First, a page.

Thursday, June 30, 2005

Another Reason for Iran and North Korea to Take a Hard-Line Nuclear Stance

In case you missed it, the U.S. is in the process of making more Plutonium-238. The U.S. has not produced this isotope of plutonium since the 1980s and the end of the Cold War. While it is not to my knowledge used in nuclear weapons (that would be Plutonium-239), it is one of the more deadly materials known to man if ingested. Plutonium-238 is used for nuclear powered batteries/power cells. According to the New York Times, the Department of Energy is making several hundred pounds over a several decade period for “secret purposes,” and that it is necessary for “national security reasons.” My guess is it will be used to power drones used for intelligence gathering, and so on.

I cannot help but wonder if this and other nuclear activities the U.S. has tried to undertake has played a role in, say, the recent election of a hard-line, ultraconservative to be the next Iranian president, who almost immediately said in victory speeches Iran has no intentions of getting rid of its nuclear program. The same can be said for North Korea’s defiance in negotiations to stop its nuclear programs. Putting oneself in their shoes, if the U.S. and other nations (especially Israel) can have nuclear weapons and programs meant for “national security” why can’t Iran or North Korea (who have been singled out by the U.S.) have nuclear programs at least for commercial use, if not for their national security? How and why would you, as an Iranian or North Korean leader, have any faith in the negotiating position of the U.S. when it is so hypocritical? As a superpower we may just be able to ultimately get our way on both fronts, but our actions do seem to be counterproductive and only encourage other nations to take hard-line positions in negotiations.

"Tweakers" Discussion

There was an interesting post on the Neurolearning site concerning the education of "tweakers." As defined by the Drs. Eide,

"Tweakers are people who have creative discontent. They are not just critics, but intrinsically motivated people who seem to be striving toward perfection. Tweakers are generally confident that the way things are can generally be made better, and that they can find some way to do it. "

They then present some successful environments that help cultivate and enhance these types of students, as well as some environments that are discourage such students. I found this interesting because I, and likely all science teachers, have had tweakers in class at some point. As for how to keep them engaged in a classroom, here is a portion of the comment I left on Neurolearning:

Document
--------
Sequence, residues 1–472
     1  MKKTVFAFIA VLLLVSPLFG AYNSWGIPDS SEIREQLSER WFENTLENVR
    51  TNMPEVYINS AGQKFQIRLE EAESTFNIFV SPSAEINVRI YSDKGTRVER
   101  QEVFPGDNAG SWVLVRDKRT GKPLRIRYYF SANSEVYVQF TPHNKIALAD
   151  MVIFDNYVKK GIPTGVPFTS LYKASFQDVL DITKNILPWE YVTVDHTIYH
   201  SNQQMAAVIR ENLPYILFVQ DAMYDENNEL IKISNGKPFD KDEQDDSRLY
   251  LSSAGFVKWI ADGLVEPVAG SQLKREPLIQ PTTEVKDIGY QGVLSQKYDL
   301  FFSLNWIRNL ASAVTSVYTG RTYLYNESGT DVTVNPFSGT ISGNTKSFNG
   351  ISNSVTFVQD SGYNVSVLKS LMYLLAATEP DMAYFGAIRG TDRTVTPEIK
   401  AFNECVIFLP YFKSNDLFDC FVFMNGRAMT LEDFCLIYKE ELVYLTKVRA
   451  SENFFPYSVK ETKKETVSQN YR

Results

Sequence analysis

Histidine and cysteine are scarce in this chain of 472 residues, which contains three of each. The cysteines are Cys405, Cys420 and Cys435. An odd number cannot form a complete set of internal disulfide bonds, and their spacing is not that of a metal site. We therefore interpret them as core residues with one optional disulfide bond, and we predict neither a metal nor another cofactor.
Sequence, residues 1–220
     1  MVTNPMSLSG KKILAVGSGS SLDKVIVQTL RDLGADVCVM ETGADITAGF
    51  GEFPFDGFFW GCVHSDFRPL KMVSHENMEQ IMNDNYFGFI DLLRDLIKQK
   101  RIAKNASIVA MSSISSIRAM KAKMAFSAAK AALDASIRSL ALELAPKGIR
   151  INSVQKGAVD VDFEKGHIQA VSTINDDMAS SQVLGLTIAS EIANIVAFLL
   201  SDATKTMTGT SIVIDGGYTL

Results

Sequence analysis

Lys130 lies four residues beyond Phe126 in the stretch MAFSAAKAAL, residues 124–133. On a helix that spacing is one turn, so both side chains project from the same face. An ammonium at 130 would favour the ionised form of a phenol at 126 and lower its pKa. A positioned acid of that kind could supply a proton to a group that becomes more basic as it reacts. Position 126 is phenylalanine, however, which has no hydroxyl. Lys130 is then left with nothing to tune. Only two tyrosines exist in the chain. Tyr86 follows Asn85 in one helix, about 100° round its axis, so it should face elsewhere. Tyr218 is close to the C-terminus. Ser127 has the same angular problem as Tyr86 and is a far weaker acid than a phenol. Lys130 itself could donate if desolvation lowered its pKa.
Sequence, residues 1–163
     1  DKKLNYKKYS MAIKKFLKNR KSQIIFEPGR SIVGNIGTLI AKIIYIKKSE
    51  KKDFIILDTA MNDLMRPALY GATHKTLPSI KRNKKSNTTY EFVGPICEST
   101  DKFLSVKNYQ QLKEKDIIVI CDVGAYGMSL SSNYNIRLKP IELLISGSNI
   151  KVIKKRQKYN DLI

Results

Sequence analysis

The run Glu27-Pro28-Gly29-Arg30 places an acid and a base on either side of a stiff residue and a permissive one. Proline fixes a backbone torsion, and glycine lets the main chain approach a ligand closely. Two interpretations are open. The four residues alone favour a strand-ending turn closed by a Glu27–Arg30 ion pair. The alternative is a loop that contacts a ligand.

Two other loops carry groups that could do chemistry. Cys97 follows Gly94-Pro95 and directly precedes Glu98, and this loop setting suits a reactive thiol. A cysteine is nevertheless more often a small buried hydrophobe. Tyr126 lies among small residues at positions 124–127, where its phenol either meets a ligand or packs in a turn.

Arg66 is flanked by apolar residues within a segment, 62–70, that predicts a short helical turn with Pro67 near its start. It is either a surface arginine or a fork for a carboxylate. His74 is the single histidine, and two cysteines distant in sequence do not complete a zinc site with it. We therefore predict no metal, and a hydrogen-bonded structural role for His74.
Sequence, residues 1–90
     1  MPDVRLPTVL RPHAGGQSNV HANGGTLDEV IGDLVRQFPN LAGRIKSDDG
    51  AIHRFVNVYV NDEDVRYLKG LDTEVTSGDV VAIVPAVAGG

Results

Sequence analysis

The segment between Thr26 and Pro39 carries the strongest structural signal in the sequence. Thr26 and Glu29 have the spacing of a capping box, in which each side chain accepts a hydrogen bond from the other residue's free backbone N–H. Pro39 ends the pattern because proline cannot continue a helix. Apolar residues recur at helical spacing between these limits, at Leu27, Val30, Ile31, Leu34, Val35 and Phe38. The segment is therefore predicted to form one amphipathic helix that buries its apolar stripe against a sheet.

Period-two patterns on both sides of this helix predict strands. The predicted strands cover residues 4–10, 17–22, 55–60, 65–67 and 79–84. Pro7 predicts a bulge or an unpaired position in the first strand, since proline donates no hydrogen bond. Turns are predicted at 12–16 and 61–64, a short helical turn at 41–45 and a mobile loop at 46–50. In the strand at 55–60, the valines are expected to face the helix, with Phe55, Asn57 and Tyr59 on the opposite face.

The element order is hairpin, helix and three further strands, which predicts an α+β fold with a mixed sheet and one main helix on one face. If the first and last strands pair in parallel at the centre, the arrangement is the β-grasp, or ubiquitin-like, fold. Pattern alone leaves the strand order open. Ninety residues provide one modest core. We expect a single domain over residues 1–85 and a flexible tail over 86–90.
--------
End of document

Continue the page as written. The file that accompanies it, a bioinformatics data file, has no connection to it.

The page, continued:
One approach that works very well with them is to include variety in everything that is being taught. We look at new material by using mini-labs for students to try and figure out new relationships for phenomena before even mentioning them formally in class; readings; journal articles; traditional lectures; multiple demos; appropriate videos; more formal experiments; students presenting individual research results; computer simulations; small group work focused on applications and problem solving; and even links to to politics, industry, history, other areas of science or technology, and whatever else comes to mind. The point is, by working in an environment where the same material or problem is looked at from multiple perspectives, 'tweakers,' as well as most students, tend to keep their focus and interest in the material being studied. 'Tweakers' in particular tend to go into intellectual overdrive, since they develop so many new ideas to try and attack a problem or device. In addition, because everyone learns in different ways, variety tends to keep all students engaged, which is ultimately what we are after.

Many thanks to Zenpundit for pointing me to this discussion.

Friday, June 24, 2005

So Much for an "Ownership Society"

The current administration has a vision of an "ownership society." However, in a 5-4 decision, the U.S. Supreme Court has now handed the well-to-do and corporate America another feather for their caps. Local governments can force you to leave your home for economic development of the community (which almost certainly guarantees someone or some small group a nice payday along the way). Something about this stinks. Isn’t this something the U.S. has routinely lectured other governments about not doing? Anybody have an opinion on this one?

Thursday, June 23, 2005

Neutrinos in the Early Universe